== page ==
Minister Makuei tells journalists “don’t go astray” so they are not jailed

South Sudan information minister and government spokesman Michael Makuei Lueth (Photo: file)

South Sudan information minister and government spokesman Michael Makuei Lueth (Photo: file)

December 10th 2018 (Nyamilepedia) – South Sudan’s information minister Michael Makuei Lueth has told journalists that they should not go astray in contradiction to the media laws in the country because it is the same law that give them the freedom to exercise their job.

Michael Makuei, the country’s outspoken information minister, was speaking during a symposium held in the country’s capital Juba, according to the daily Juba Monitor, last month.

“These freedoms and rights are given according to the law, it doesn’t mean you step on the toes of others,” Michael Makuei Lueth said yesterday during the first National Media Policy Symposium in Juba. “The most important thing is to exercise these rights within the law. Don’t go astray because the law gives you that freedom.”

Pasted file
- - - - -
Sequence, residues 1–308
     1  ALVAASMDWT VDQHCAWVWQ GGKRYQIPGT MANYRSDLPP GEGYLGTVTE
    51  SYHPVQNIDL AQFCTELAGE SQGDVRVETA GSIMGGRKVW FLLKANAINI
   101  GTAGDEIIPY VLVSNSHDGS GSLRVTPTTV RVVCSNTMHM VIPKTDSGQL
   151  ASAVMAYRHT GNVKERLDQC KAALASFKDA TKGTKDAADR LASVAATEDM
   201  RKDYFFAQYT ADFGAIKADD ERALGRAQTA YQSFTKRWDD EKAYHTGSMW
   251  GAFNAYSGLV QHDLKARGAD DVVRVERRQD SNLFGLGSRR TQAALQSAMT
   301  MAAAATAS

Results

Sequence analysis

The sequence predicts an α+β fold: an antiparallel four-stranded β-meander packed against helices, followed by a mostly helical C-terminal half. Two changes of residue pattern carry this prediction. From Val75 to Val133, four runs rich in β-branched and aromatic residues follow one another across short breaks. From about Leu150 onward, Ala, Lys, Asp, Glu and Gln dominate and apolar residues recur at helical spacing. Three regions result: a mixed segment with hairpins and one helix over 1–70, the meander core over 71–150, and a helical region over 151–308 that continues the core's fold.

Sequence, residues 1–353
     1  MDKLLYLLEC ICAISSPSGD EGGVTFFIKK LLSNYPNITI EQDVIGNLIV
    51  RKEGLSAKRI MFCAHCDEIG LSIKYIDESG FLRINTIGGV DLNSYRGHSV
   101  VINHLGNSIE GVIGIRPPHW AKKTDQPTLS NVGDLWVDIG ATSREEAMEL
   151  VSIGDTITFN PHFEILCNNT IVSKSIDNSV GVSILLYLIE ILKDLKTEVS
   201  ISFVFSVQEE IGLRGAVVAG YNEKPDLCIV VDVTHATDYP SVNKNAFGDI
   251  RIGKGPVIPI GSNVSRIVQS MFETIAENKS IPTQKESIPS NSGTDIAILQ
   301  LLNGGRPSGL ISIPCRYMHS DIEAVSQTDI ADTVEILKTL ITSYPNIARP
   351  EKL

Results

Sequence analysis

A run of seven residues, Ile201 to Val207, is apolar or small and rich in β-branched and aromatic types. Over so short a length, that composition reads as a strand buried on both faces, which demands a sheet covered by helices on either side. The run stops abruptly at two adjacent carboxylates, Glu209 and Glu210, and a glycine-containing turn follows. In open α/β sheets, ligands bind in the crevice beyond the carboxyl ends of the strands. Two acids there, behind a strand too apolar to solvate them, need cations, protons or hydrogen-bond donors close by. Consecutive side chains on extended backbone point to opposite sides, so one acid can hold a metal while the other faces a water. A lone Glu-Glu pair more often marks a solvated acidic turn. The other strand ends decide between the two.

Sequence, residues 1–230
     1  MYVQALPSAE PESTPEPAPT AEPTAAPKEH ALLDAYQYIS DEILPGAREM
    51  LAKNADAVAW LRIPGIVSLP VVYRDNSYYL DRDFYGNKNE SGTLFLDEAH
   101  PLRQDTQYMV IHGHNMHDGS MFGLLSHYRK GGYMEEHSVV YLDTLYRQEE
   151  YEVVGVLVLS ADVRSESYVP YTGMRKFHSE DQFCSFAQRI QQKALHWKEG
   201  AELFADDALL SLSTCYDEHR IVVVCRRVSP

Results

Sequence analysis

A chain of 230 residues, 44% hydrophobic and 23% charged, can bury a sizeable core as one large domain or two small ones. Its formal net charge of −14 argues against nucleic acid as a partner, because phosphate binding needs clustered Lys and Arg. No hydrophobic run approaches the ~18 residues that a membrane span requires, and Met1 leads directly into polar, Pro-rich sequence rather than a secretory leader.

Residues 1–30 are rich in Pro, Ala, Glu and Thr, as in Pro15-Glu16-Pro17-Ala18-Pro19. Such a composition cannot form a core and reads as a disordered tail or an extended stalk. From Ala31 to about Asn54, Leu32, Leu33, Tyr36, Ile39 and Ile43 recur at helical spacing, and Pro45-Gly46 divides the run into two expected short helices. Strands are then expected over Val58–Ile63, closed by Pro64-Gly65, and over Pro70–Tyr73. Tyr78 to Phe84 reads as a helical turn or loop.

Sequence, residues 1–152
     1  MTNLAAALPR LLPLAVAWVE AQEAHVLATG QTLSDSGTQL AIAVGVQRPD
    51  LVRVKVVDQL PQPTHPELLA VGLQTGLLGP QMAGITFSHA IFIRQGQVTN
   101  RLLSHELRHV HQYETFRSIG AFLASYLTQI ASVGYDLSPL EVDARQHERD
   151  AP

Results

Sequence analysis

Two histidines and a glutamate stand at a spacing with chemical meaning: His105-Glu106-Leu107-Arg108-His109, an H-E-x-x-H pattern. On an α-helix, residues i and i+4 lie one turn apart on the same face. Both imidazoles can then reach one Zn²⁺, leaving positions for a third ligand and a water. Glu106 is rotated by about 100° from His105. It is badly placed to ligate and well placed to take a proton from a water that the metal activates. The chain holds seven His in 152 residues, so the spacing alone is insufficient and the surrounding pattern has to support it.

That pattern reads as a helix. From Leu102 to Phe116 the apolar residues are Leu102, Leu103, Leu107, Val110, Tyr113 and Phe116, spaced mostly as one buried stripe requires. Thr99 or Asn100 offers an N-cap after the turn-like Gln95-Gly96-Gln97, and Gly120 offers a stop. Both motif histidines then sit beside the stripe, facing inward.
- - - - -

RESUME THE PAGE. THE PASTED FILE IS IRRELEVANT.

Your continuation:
Makuei denied rumors that the government is using the Media Authority to suppress and silent journalists and critics saying it is aimed at showing journalists the way to go on their duties.

“There are some who have misunderstood the Media Authority. They are saying it is another weapon of oppression used by the government. This is not correct and every journalist is supposed to abide by the law. This is why the Media Authority is here-to show the journalists the direction,” Makuei said.

Makuei then threatened to jail some journalists whom he said would step into his way and will possibly demand compensation he said will be too much for the journalists to pay.

“Some of the journalists have not yet been taken to the court but I’m sure some will go soon because if you step on my toes, I will take you to the courts and demand compensation that you will not be able to pay,” he said.

“It doesn’t give you the freedom to step on my toes and I keep quiet because it is your right,” Makuei said of the Media Law in South Sudan. “There’s no law that will allow you to do that so my advice to the journalists is just follow the law and you’ll not be in trouble with anybody.”

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